The longer it takes the Port to respond to public information requests, the more trust is destroyed.
The Port should not hide behind attorney-client privilege to avoid producing documents. The public owns the Port, and the Public is the client, not hired Port management.
WOULD YOU LIKE TO HELP SEE THESE IDEAS IMPLEMENTED?
More important than money, is speaking with your friends about these ideas.
The incumbents are good people, but they need to be voted out to successfully implement these reforms.
Important voices will be free to speak if the incumbents are voted out in the primary. And the public will be better served if we hear these voices before the General Election.
I know times are tough and if you cannot contribute money, I understand. But if you can spare a couple of dollars to see these ideas go forward, please send your contributions to:
Karlberg for Port
PO Box 4397
Bellingham, WA 98227
I should have my website up and running this next week with this and other information. http://port-reform.org/
Thanks for your time,
Work Ethic – My career involved extremely long hours. I am goal driven, not a clock watcher. Twenty-four hour work days are frequent, and continuous periods of twenty-plus hour workdays are a requirement for a successful fishing operation.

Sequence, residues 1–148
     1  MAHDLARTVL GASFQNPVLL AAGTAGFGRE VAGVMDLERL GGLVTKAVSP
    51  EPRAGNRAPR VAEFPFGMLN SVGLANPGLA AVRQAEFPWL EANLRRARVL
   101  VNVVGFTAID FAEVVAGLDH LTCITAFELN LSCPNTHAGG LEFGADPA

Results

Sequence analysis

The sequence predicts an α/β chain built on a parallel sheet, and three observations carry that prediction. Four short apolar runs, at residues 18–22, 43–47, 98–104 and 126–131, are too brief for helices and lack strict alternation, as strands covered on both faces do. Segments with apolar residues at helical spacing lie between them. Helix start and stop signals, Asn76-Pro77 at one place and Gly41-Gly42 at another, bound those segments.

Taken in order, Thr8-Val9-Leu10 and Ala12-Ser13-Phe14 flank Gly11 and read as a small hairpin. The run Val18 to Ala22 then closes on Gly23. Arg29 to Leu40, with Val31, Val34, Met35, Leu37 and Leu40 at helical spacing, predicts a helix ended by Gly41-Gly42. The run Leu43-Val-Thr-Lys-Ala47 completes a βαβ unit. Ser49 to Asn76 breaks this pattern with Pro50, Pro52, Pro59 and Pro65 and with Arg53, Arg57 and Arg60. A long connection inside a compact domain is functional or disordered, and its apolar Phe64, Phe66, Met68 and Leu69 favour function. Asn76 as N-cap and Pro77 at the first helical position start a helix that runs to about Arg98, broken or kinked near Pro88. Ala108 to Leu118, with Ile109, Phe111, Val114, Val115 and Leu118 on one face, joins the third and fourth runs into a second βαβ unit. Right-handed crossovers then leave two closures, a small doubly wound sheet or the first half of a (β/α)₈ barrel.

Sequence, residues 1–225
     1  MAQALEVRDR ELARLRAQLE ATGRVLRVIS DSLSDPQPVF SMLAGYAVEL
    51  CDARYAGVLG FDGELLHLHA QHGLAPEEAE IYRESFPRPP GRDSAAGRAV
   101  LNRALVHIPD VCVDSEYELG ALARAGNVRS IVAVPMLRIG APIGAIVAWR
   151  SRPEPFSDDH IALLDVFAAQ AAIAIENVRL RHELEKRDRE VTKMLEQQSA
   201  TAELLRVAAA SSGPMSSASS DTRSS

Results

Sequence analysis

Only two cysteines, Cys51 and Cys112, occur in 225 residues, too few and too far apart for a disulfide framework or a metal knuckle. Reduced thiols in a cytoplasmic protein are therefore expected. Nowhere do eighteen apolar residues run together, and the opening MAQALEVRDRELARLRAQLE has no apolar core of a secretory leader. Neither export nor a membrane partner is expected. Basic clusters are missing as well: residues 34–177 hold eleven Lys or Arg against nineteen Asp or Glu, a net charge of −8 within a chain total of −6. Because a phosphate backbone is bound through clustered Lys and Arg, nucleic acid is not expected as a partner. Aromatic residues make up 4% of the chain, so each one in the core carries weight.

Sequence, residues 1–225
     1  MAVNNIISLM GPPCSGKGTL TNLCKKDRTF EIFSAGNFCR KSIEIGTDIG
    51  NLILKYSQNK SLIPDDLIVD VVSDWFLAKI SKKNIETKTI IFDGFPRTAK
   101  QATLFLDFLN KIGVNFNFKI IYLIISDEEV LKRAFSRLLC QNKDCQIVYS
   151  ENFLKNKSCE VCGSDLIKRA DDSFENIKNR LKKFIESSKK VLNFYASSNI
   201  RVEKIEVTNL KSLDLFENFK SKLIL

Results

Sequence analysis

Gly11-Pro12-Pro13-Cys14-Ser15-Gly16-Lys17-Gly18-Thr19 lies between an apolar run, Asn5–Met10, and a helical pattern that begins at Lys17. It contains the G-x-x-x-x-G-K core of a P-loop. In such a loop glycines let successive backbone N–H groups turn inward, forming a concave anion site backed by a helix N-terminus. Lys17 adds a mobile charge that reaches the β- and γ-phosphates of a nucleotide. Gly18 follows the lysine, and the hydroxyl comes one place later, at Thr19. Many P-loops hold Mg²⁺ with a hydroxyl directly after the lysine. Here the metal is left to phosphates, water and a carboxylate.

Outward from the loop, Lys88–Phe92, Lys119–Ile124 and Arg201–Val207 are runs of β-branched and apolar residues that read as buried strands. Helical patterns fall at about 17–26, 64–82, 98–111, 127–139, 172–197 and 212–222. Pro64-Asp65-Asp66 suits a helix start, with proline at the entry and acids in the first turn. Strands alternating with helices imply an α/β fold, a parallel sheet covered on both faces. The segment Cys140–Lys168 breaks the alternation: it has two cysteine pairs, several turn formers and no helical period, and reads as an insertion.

Teamwork – Fishing vessels require a unique sense of teamwork. One must physically live with one’s employees. The ability to maintain an efficient teamwork environment is critical to the financial success of the venture as well as onboard safety. Firing an employee at sea, is not an option. A person must have the skills to work out people problems effectively or the whole team loses.
Enterprising – I understand what a profit is. Fishing occupations frequently involve starting up and carrying out projects. This occupation involves leading people and making many decisions, sometimes under challenging physical conditions. Often, the decisions require risk-taking and deal with both critical business decisions and, occasionally, life threatening situations.
Achievement Oriented – Throughout the majority of my adult career my take-home paycheck has been based on results alone. The level of effort or the amount of time you had invested was worthless, unless you achieved the end goal. If one failed to catch fish, for any number of reasons, your pay was zero… or a loss!